This is why Jesus made what might have seemed a bold declaration when He told His followers, “I am the good shepherd. The good shepherd lays down his life for the sheep…. I know my sheep and my sheep know me – just as the Father knows me and I know the Father – and I lay down my life for the sheep…” (John 10:11-18).

In that simple statement Jesus was assuring us that He is our true shepherd, He knows us personally, and at that moment was foretelling the sacrifice He soon would provide atonement for our sins and offer redemption to each of us.

The question we each must answer, one no one can answer for us, is who are we following? Today there are countless “leaders,” many voices calling out and offering to serve as our “shepherd.” Sadly, all but one is leading toward a cliff and too many are blindly, mindlessly following them.

More than 35 years ago I made the determination that the Lord is indeed my Shepherd, and true to His word, I have never been in want. My needs have always been met, sometimes in ways I could never have imagined. And I’ve resolved to follow Him ever since, even though at times I’ve lapsed into my foolish, sheep-like ways. Thankfully, although at times I’ve looked away from Him, Jesus has never looked away from me.

What about you? Who are you following today?

Monday, January 12, 2015

The Curious Command to ‘Do Nothing’


Whenever any kind of difficulty arises in our lives, the first impulse is a desire to do something, anything to get it resolved. “Do something – even if it’s wrong!” - I’ve heard people say this more than once. We can’t wait to make a crisis go away or fix a problem. “What should we do?” “Don’t just sit there, do something!”

Even when not faced with crises, we typically feel better when we’re doing something, being productive. We’re a nation of doers, after all.

We usually have an impulse to do something,
but in one sense, it's better to "do nothing."
Interestingly, one of the most intriguing commands in the Bible is not about what to do, but rather, what not to do. There is a time and also a need for doing nothing. It says so – literally.

In Philippians 2:3-4, the apostle Paul urges his readers, Do nothing out of selfish ambition or vain conceit, but in humility consider others better than yourselves. Each of you should look not only to your own interests, but also to the interests of others.” I like to refer to this as the “do nothing” verse.

Okay, this really isn’t an exhortation to not do anything. Paul is calling for us to make certain that what we do is carried out with humility and concern for others, rather than out of selfishness and self-centered motives. In God’s sight, the “why” of what we do is equally as important as “what.”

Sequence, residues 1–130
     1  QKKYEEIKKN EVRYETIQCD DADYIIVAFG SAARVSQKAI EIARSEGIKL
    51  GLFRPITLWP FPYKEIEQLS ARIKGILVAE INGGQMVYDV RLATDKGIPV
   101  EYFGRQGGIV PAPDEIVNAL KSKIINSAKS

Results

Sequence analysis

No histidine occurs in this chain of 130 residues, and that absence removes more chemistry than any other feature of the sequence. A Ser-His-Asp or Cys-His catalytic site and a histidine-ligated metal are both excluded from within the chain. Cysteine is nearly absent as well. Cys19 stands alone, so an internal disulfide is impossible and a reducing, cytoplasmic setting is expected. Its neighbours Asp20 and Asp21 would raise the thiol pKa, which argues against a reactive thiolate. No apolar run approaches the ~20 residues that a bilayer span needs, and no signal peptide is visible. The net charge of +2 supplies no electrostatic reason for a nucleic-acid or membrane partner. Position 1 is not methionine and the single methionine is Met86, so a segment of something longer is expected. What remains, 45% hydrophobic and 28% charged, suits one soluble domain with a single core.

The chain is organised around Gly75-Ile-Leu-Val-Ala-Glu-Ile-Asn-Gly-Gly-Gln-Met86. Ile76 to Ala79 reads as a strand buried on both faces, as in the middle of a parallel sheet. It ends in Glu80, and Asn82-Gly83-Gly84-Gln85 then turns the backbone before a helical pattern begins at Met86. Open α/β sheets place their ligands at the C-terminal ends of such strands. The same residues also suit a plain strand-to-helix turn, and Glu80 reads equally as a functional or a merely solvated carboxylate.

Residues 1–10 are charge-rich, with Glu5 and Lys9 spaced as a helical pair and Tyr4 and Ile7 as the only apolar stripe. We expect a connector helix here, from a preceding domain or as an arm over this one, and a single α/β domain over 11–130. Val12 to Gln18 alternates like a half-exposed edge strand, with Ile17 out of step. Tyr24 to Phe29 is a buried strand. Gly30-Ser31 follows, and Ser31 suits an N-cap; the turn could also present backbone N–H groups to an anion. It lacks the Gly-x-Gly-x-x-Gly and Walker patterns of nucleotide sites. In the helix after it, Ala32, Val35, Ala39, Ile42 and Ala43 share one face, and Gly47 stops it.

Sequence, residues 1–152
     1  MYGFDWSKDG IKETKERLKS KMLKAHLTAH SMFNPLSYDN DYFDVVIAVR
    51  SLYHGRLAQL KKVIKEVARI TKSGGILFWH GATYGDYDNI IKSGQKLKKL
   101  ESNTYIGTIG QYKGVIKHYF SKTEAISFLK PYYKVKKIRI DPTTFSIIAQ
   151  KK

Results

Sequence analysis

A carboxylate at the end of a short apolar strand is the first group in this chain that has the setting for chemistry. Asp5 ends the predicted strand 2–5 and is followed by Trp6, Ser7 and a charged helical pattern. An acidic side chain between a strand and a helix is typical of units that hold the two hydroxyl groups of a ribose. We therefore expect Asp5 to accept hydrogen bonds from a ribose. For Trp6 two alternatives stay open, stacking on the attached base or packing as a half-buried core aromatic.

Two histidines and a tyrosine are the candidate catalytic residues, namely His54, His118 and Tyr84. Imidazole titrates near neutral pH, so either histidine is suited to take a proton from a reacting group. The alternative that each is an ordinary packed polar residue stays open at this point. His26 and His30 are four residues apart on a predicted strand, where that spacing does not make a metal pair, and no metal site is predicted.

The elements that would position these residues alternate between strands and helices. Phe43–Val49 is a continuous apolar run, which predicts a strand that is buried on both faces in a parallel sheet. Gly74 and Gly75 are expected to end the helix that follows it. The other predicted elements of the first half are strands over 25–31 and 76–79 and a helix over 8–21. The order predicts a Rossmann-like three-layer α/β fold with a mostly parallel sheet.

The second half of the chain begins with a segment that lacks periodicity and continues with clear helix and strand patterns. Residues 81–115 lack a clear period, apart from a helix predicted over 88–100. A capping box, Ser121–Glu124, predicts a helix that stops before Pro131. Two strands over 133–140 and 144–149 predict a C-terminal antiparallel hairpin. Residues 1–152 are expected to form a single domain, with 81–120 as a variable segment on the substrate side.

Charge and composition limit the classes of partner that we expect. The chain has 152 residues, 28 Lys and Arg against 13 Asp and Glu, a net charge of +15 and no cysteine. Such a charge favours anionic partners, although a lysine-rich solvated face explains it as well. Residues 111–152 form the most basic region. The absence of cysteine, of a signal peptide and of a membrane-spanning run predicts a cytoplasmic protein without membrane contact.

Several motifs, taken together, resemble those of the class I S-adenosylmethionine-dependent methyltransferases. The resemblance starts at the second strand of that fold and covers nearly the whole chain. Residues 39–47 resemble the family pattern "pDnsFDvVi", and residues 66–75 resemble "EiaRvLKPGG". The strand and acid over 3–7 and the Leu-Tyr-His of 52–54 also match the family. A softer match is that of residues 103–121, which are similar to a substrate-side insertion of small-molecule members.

In actuality, observing many people today – from top leaders in business, politics and other realms of influence to our friends, family members, and even ourselves – if we were to take this command to heart, we’d wind up either doing nothing or radically changing the things we do.

So much of what we do is couched in a “what’s in it for me?” framework. Even as we perform acts of kindness, we feel disconcerted if our actions aren’t met by equivalent expressions of gratitude and appreciation. We want to feel good about what we do, and how can we do that if people don’t properly recognize it, right? So even our good deeds are often tainted by self-serving motivations.

Philanthropists give generous donations to their favorite charities, then eagerly pose for photos of them presenting the check to the head of the designated organization. Or they expect their benevolences to be rewarded by having buildings named in their honor. The prominent church member who devotes many hours to organizing the annual holiday event anxiously awaits being introduced so her efforts can be applauded and she can take an appropriately humble bow. “Aw shucks, ‘tweren’t nothin’.” Ah, but they hadn’t been acknowledged, that really would have been something – and probably not something good.

Maybe this is why the passage is phrased as it is, putting emphasis on “do nothing.” Perhaps it’s suggesting that if our intentions are for advancing ourselves, rather than unselfishly seeking first and foremost to address the needs and interests of others, it would be better if we did nothing.

This doesn’t mean, of course, we have a ready-made excuse for not doing good to others. “I don’t know if my heart’s right, so I won’t do anything until I’m sure that it is.” Rather, it’s a reminder that our good deeds should be accompanied by good motives, even if and when they don’t result in our receiving anything good in return.

Did you perform some kindness for a friend, and they didn’t fall all over themselves showing gratefulness for your “sacrifice”? Did you prepare a special surprise for your spouse, but he or she was preoccupied and failed to return the expected appreciative response?